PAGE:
Federal officials are currently investigating a potential car bomb plot that Al Qaeda has planned for this weekend, the anniversary of 9/11. The car bomb plot is "credible" but not confirmed and is supposed to target bridges and tunnels.
According to information gathered by intelligence, the FBI are looking for a handful of men (one possibly being a US citizen) who've been ordered by Al Qaeda to blow up a vehicle filled with explosives. The NYPD, as you already know, has built up an impressive Counter Terrorism Unit since 2001 and they will be on full force trying to prevent anything from happening. What does that mean?
It's generally the same methods—police presence, surveillance—but with extra precautions. There'll be expanded vehicle searches, more bomb sniffing dogs, increased police officers on the street, police at subway turnstiles and stations, a constant monitoring of bridge and tunnels and NYPD officers will extend their shifts by four hours through September 12th (at least). Mayor Bloomberg said, according to Bloomberg News:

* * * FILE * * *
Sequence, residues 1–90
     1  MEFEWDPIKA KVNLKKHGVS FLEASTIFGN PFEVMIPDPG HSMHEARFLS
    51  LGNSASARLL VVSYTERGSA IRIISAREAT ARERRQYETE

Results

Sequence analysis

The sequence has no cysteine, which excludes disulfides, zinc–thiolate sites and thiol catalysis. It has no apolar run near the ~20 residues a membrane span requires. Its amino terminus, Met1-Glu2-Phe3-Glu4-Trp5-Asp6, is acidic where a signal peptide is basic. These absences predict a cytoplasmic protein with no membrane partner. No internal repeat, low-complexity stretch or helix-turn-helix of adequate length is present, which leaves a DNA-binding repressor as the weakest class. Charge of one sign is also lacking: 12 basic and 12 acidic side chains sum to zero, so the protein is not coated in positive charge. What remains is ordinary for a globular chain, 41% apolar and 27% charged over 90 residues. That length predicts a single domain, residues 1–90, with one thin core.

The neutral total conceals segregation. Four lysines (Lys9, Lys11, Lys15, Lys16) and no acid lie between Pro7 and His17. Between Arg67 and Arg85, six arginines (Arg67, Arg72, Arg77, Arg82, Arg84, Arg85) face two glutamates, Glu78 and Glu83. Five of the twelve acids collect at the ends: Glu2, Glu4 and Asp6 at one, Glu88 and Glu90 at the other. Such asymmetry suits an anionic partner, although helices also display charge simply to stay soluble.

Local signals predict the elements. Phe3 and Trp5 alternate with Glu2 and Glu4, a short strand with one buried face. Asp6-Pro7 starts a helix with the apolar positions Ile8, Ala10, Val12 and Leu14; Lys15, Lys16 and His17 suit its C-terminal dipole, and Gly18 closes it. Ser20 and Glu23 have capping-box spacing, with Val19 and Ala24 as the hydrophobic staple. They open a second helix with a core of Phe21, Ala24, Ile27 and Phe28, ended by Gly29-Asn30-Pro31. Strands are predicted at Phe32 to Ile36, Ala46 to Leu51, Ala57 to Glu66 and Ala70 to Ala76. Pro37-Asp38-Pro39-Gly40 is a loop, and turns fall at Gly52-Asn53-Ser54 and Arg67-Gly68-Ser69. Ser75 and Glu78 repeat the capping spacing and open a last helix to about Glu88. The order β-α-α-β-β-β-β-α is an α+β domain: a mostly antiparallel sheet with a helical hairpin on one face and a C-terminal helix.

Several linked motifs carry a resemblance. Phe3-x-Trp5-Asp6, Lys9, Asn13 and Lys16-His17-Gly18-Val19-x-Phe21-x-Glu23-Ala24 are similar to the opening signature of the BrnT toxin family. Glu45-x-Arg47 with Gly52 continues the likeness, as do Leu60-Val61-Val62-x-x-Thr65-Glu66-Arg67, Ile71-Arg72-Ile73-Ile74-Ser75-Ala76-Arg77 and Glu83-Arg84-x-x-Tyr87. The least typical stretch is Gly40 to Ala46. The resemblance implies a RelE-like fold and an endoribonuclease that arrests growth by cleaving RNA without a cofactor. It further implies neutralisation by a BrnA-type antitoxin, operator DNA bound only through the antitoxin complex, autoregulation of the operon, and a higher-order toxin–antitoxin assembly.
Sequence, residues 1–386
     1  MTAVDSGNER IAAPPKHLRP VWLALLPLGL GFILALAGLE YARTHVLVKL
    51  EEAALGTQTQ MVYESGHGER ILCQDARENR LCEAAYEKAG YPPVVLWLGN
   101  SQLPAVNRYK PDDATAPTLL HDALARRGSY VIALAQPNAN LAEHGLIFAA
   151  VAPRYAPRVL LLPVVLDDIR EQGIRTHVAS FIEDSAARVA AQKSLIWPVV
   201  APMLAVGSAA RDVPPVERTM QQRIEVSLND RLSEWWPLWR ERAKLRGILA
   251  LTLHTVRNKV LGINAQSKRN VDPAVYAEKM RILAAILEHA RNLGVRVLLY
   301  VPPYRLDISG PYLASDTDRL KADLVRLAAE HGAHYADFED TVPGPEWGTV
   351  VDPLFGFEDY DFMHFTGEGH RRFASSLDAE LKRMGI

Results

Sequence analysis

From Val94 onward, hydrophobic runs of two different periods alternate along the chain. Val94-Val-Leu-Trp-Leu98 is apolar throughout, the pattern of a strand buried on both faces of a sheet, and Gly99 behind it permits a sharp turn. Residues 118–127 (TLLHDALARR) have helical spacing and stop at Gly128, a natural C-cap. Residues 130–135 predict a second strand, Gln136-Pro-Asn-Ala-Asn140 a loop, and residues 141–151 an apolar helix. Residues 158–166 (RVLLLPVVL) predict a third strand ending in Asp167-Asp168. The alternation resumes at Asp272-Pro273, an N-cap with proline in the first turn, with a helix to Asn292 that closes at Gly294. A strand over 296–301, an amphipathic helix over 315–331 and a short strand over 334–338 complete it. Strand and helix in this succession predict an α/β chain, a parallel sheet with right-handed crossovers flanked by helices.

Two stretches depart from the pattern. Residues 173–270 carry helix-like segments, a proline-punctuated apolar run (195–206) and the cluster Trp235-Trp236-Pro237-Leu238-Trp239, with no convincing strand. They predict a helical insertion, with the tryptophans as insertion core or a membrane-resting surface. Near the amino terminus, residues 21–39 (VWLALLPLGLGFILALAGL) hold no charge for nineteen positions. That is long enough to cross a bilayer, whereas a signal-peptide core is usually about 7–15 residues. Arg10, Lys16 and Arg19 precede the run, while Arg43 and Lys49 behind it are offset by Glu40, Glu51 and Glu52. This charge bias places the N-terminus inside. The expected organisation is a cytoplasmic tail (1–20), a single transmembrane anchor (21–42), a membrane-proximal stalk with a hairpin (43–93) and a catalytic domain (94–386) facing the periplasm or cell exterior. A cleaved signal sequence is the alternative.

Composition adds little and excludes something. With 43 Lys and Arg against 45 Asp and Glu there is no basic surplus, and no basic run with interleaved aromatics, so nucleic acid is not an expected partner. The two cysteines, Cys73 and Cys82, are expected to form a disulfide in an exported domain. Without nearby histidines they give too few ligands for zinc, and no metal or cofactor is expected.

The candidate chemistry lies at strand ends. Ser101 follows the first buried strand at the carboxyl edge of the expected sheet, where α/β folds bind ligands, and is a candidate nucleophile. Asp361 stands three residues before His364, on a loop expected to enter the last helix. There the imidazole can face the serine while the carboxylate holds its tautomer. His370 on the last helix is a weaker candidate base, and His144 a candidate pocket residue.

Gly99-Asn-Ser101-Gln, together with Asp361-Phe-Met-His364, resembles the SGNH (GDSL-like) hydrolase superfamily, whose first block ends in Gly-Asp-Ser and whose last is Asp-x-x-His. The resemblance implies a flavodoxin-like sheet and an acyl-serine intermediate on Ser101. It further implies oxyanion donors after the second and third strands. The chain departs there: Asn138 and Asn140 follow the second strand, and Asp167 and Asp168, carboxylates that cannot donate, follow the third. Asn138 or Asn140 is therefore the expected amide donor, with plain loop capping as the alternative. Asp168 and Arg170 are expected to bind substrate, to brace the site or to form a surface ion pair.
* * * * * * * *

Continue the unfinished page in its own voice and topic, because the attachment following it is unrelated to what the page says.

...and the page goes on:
"We have threats all the time. Each time we increase our security, which obviously we had done for this. Are we increasing a little more? Yes, we're increasing a little more but there's a limit to how much you can have, just because you can't have a cop on every corner. But remember, a lot of the precautions we take, you don't see — undercover and cameras and radiation detectors, using technology and undercover."
Also, the NYPD will use their quasi-navy to help identify any threats. NYPD Commissioner Ray Kelly has said that the NYPD has a small unmanned submarine that can check parts of suspicious boats that are submerged. That goes along with radiation detection boats and boats to transport heavy weapon officers. Compared to 2001, the NYPD is more prepared to act and react to terrorism.
Federal officials ask that we continue on with our lives and don't let the terror threat dampen the spirit of our freedom on the 10th anniversary of 9/11. But as they always say, if you see something, say something. [Bloomberg, MSNBC, Andrey Bayda / Shutterstock.com]